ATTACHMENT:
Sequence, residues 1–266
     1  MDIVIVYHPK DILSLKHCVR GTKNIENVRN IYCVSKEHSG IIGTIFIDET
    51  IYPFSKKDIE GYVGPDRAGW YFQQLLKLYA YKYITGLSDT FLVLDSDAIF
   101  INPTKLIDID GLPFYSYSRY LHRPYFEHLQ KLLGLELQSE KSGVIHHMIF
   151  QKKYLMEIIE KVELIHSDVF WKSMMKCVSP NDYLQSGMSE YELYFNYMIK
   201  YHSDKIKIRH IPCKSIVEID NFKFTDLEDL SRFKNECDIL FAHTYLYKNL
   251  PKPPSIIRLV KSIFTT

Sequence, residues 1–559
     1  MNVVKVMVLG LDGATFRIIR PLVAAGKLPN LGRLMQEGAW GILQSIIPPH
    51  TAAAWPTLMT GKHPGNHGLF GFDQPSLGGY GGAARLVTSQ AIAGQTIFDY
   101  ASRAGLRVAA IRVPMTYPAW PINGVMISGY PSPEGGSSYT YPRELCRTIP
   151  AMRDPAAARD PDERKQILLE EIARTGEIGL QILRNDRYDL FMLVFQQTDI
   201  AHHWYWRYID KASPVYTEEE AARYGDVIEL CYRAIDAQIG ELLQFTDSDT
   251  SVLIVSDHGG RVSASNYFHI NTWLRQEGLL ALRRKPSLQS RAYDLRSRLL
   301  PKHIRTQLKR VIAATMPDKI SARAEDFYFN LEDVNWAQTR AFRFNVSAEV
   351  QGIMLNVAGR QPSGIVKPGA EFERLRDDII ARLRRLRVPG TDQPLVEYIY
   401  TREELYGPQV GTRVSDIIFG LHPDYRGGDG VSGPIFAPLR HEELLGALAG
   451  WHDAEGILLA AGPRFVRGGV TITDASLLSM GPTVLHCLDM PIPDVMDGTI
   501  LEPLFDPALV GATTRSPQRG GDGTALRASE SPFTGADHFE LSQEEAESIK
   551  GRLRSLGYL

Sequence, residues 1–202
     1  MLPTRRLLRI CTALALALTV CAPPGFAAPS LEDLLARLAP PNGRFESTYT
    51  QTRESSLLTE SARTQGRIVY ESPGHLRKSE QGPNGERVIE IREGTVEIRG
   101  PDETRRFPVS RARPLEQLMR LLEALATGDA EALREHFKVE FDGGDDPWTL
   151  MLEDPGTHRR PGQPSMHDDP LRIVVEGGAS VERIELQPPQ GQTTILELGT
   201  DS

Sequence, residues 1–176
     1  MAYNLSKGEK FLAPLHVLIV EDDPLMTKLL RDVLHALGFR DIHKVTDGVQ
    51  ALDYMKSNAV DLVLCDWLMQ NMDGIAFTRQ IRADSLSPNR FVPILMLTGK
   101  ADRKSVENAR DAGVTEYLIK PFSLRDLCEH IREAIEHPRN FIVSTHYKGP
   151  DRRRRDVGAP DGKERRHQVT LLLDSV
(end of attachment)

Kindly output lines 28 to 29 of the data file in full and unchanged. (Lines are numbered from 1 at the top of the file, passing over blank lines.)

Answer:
     1  MAYNLSKGEK FLAPLHVLIV EDDPLMTKLL RDVLHALGFR DIHKVTDGVQ
    51  ALDYMKSNAV DLVLCDWLMQ NMDGIAFTRQ IRADSLSPNR FVPILMLTGK